Comparison of 16S rRNA gene region V3 PCR–DGGE diagrams between the chronic gastritis group and normal controls

PCR products of the bacterial 16S rRNA gene V3 region from two groups of tongue coating samples were processed using DGGE. The atlas is shown in Figure 5. Examination of the DGGE atlas revealed numerous bacterial DGGE atlas strips and some main strips in the two groups.

thumbnailFigure 5. PCR–DGGE atlas of 16S rRNA gene V3 region between the chronic gastritis group and the normal controls. (A) Normal group, M1-marker, M2- control,2,34,6,7,8,9,10,11,12,13,15,17,18,19- normal groupsample. (B) Chronic gastritis group, M1-marker, M2-control,2,34,6,7,8,9,10,11,12,13,15,17,18,19- sample.

The DGGE atlases of the two groups were different (Figure 6). Bacteria of the types the strips represented may indicate an association with the occurrence and development of chronic gastritis—a possible association that requires further study. Eight strips from the two groups were markedly different (Figure 6). Strips 1, 3, 4, 7, and 8 were abundant in gastritis patient samples; whereas strips 2, 6, and 10 were abundant in normal samples. The bacteria that these strips represent can be associated with chronic gastritis. PCA of the data from the two groups revealed that the samples were generally located in two different regions (Figure 7(a)). When data from the two groups were set as the model, data was able to be separated (Figure 7(b)).

thumbnailFigure 6. Comparison of PCR–DGGE diagrams of 16S rRNA gene V3 region between the normal controls and the chronic gastritis group. (A) Normal group, M1-marker, M2- control, normal group samples --1, 5, 9,12,16,20. (B) Chronic gastritis group, M1-marker, M2-control, Chronic gastritis samples --11,12,13,14,15,16,,1718,19,20.

thumbnailFigure 7. PCA and PLS-DA of the 16S rRNA gene V3 region of the normal group and the chronic gastritis group. (a) PCA results, red dots-normal samples, green dot- chronic gastritis patients (b) PLS-DA results, red dots-normal samples, green dot- chronic gastritis patients.

DGGE strip sequencing results

Strips 8 and 10, the most markedly different strips among the samples, were selected for sequencing. Strip 8 sequencing indicated that its nearest neighbor was Moraxella catarrhalis; showing a 96.2% similarity. Strip 10 sequencing showed a 100% similarity with Rothia mucilaginosa.

Discussion

Throughout the long history of traditional clinical practice in China and other Eastern countries, TCM practitioners have typically classified patients with the same disease into subgroups of different syndromes from a holistic perspective based on a patient’s overall status [6]. The appearance of the tongue coating is one of the major factors. The stage of a disease can be determined and treated by observing the tongue coating. In recent years, much tongue coating research had been conducted. In addition to the extensive practice of tongue diagnosis in TCM, modern technologies have been introduced for tongue diagnosis [18-25]. Tongue diagnosis in TCM shows potential applicable value for exploring metabolic pathways and microecological changes of chronic gastritis.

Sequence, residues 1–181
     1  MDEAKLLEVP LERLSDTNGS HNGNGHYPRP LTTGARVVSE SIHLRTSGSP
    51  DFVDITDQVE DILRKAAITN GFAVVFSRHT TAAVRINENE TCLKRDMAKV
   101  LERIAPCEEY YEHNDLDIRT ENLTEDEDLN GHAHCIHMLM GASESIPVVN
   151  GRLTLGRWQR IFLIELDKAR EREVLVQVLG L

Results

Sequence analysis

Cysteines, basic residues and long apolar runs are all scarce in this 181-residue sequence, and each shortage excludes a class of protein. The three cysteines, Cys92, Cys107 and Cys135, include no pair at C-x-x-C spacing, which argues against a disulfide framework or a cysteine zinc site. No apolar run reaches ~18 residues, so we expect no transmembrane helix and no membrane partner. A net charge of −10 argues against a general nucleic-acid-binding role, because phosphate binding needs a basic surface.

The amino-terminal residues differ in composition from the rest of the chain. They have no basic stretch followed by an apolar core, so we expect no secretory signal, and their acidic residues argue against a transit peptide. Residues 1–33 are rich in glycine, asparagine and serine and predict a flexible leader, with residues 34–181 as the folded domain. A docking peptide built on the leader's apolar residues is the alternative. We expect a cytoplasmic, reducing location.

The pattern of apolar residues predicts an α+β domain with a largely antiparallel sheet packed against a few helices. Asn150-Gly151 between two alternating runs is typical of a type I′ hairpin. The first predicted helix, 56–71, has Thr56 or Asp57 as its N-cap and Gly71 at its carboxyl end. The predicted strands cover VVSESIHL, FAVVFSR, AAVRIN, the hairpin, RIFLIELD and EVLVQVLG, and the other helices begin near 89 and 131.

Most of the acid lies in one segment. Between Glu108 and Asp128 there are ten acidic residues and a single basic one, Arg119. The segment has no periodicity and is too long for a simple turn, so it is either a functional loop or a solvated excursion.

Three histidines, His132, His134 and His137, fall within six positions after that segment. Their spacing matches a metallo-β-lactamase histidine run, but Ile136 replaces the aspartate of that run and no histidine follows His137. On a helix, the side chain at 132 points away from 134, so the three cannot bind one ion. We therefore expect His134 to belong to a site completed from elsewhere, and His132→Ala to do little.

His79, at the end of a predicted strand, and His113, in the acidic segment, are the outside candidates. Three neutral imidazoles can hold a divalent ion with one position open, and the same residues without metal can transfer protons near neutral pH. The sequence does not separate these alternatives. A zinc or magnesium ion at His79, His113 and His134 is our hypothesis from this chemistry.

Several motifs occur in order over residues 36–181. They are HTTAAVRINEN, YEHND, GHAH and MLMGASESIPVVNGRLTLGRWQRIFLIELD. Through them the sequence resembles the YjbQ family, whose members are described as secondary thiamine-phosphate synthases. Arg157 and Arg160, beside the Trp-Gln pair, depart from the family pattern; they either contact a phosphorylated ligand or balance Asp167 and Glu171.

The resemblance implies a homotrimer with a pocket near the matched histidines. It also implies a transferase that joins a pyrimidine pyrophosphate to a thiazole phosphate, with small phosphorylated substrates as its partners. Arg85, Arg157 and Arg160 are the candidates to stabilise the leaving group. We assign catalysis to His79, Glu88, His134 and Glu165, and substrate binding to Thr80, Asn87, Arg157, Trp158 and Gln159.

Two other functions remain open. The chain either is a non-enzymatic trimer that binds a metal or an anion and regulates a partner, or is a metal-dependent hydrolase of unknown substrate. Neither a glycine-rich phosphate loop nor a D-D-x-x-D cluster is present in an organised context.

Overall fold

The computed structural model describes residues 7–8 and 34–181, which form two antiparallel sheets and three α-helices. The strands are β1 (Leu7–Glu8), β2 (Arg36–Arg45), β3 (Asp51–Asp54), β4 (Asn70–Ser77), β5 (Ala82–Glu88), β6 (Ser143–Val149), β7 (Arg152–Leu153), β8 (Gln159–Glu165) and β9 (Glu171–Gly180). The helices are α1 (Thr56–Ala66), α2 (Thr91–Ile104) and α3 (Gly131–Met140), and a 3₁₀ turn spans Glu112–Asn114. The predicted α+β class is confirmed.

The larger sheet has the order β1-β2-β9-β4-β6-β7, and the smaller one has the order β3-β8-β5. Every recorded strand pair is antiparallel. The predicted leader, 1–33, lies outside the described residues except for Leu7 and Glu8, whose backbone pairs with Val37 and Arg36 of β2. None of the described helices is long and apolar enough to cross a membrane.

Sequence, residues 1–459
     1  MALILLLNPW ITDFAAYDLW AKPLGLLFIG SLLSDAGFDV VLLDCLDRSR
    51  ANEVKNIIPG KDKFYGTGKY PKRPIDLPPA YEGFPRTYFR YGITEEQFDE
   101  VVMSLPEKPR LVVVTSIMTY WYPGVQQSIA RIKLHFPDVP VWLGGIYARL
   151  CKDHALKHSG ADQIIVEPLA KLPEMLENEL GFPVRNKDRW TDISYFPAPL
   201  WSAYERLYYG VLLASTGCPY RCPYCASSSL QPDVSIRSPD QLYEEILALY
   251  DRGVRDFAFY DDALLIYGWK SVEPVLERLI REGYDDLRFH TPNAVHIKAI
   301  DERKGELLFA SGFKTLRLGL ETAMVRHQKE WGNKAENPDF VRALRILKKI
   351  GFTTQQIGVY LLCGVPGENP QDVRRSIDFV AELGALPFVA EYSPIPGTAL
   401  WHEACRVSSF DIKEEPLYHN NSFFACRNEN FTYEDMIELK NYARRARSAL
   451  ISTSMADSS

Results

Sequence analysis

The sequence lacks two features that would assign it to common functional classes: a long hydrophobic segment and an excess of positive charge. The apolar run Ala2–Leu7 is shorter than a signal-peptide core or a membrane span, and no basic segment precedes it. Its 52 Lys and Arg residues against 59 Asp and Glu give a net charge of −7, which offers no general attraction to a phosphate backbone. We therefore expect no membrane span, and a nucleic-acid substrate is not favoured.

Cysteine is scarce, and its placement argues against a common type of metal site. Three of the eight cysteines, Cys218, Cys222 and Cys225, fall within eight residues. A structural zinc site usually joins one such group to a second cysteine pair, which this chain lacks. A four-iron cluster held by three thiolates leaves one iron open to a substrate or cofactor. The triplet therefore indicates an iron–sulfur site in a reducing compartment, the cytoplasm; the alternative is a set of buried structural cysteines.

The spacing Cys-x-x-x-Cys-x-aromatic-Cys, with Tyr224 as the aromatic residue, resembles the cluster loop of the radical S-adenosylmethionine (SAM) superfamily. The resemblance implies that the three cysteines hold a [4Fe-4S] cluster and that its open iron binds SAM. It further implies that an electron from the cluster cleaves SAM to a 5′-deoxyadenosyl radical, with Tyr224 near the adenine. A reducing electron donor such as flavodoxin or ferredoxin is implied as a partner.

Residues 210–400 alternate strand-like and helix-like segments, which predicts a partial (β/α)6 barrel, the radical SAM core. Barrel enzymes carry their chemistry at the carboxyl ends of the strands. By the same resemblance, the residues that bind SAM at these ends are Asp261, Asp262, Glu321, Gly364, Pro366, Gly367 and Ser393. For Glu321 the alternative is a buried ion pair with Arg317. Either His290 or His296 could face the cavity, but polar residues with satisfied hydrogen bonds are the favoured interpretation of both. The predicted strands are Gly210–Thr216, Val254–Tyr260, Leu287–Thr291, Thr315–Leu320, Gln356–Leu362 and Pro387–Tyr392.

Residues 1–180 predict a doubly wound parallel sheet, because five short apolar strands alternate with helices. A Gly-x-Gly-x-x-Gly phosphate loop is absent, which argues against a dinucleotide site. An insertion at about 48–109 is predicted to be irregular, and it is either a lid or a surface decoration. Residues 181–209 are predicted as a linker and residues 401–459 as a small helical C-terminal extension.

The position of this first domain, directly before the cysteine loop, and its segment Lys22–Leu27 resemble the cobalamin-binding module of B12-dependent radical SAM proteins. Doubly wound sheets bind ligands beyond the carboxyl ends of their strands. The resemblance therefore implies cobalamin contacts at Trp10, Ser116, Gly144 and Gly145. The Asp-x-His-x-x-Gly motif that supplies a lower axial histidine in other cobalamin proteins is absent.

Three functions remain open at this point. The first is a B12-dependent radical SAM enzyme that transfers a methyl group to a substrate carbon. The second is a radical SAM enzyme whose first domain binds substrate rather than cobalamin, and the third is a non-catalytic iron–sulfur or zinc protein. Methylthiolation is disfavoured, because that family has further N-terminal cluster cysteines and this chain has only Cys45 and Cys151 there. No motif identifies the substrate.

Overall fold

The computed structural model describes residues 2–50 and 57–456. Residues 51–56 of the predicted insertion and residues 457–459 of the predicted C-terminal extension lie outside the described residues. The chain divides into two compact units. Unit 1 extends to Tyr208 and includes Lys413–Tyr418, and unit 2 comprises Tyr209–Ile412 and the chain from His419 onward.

Chronic gastritis can cause changes to both the pathophysiology of a patient and their metabolites. By analyzing relationships between metabolites and diseases it is possible to identify biological markers. Kettunen et al. found 117 metabolic markers, including lipoprotein subclasses, amino acids, lipids and maximum genome-wide association, using the nuclear magnetic resonance high-throughput method [26]. They found 31 gene regions related to metabolite concentrations in the blood. Kleberg demonstrated that increased expression of PEAK1 could catalyze the proliferation of pancreatic tumor cells; identifying PEAK1 as a biomarker and a small-molecule therapeutics target [27].

Metabonomic studies of chronic gastritis are rarely reported. The determination of metabolic biomarkers from biological samples (blood, urine, tissue extract) can help distinguish chronic gastritis high-risk groups. The results of the present study aid in simplifying the clinical diagnosis process by providing information on early detection, early diagnosis and early treatment of the disease. LC–MS shows many advantages compared with other metabolomics methods [28]. For example, LC–MS has high resolution and sensitivity, special target metabolites can be detected within a short period, and it is possible to simultaneously analyze numerous compounds in a complex matrix.

Tongue coating metabonomics showed that potential markers were related to sugar metabolism, such as 3-keto lactose. UDP-D-galactose is a metabolic product of galactose and is involved in the synthesis of oligosaccharides. 2-deoxy-D-ribose is the basic raw material of RNA and DNA genetic material in the life system and is used as an ingredient in some vitamins and coenzymes.

Spleen governing transportation (“Pi Zhu Zhuan Yun” in Chinese) means that the spleen processes substances for transport to nourish the limbs and bones. Phlegm, blood stasis, indigestion, and other pathological factors often cause spleen and stomach disorders. The transpiration of stomach Qi changes the tongue coating, which indicates its possible relationship with abnormal energy circulation. These materials are mostly the products of energy metabolism, similar to the results of cell chemical structures [29]. A change in glucose metabolism is one of the mechanisms of tongue coating formation in patients with chronic gastritis, which suggests that the incidence of chronic gastritis is related is some way to energy metabolism changes.

Human ecology is an emerging branch of life science that mainly studies interactions and connections between normal flora and the host. The four major microecological areas in the human body are the oral cavity, gastrointestinal tract, skin, and vaginal tract. The human body has approximately 1010 bacteria; with 78% existed in the gastrointestinal tract. These bacteria interact with the body to achieve an inner balance. Once the balance is broken, bacterial pathogenesis occurs. One example is diarrhea, which is induced by intestinal dysbacteriosis. This pathogenesis is consistent with that in Chinese medicine.